HR Mavericks

Eddy’s HR Mavericks Encyclopedia

Pulse Survey

Are you interested in a cost-effective, real-time solution for employee engagement, lifecycle insights and a way to attract and retain top talent? Read on to learn about pulse surveys and their ability to improve performance, increase engagement and drive growth.

What Is a Pulse Survey?

A pulse survey is a type of survey that is conducted frequently and regularly, usually weekly or monthly, to quickly gather feedback from employees, customers or other stakeholders on specific topics. Unlike traditional surveys, pulse surveys are shorter and more targeted, with only a few questions focused on a particular issue or area of interest.

Why Are Pulse Surveys Beneficial?

Pulse surveys are beneficial because they provide organizations with timely, relevant and actionable feedback that can help improve performance, increase engagement and drive growth.
  • Real-time feedback. The purpose of pulse surveys is to provide real-time insights into how people feel or what they experience. This can be useful for identifying areas for improvement, tracking progress over time and making data-driven decisions.
  • Actionable insights. Pulse surveys are often used by organizations to monitor employee engagement, measure customer satisfaction or gather feedback on specific initiatives or events.
  • Quick and efficient. Because pulse surveys are conducted on a regular basis, they can also help identify trends and changes in perceptions or attitudes over time.
  • Cost-effective. Pulse surveys are often conducted online, which makes them a cost-effective way to gather feedback from a large number of respondents.

Best Practices for Designing an Effective Pulse Survey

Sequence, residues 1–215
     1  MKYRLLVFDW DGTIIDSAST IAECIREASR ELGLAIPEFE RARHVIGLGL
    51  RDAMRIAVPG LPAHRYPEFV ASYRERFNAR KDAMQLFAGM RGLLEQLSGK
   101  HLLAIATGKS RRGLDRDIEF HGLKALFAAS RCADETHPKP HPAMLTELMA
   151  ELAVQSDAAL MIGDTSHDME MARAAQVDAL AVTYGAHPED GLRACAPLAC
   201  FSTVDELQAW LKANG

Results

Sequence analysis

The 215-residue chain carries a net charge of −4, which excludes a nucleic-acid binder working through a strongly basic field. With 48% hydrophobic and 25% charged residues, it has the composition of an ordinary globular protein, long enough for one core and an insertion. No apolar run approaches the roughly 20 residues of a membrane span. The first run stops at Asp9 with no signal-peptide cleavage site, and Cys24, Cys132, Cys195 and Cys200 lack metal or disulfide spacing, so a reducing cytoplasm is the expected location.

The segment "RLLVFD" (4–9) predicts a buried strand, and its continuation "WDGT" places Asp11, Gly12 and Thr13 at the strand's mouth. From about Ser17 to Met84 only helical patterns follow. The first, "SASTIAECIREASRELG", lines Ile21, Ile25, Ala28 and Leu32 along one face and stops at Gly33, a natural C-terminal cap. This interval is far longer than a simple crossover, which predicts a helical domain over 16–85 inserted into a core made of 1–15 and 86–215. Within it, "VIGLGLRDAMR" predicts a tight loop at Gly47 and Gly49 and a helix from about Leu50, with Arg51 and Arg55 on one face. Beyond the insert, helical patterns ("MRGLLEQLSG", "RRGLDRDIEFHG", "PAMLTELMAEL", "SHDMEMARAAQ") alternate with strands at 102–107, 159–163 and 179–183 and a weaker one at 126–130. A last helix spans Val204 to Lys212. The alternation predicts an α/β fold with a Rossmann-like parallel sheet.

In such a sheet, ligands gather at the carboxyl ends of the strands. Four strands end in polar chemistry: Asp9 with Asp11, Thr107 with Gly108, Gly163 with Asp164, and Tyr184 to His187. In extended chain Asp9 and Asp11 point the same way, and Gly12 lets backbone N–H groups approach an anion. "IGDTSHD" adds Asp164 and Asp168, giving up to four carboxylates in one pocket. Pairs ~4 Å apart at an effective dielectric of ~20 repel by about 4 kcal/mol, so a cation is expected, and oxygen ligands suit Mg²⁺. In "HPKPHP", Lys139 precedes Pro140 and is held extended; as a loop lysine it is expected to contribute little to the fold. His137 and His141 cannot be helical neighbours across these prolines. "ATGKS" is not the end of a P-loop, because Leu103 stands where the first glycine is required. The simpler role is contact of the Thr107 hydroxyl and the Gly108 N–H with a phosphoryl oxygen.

Designing an effective pulse survey requires careful planning and consideration of several factors. Here are some tips to help you design an effective pulse survey that provides valuable insights and helps you achieve your goals.

Identify Your Goals

Before you start designing your pulse survey, you need to identify your goals and objectives. What do you want to achieve with this survey? What specific areas do you want to measure or improve? Having clear goals will help you create targeted questions to provide the insights you need.

Keep It Short

Pulse surveys are meant to be short and focused, so keep your survey to a few key questions that will provide the most important insights. You want to make it easy for respondents to complete the survey and ensure a high response rate. The most important insights that can be obtained from a pulse survey center around the following key areas:
  • Employee engagement. Pulse surveys can be an effective way to gauge employee engagement and satisfaction levels. Consider asking questions about job satisfaction, work-life balance, and opportunities for growth and development.
  • Company culture. Understanding the company culture is critical for employees to feel a sense of belonging, understand how their work contributes to the bigger picture, and drive employee satisfaction. Ask about values, sense of belonging, social connection with co-workers, etc.
  • Communication. Effective communication is essential for maintaining a productive and positive work environment. Consider asking questions about communication channels, frequency of communication, and the effectiveness of communication from leadership.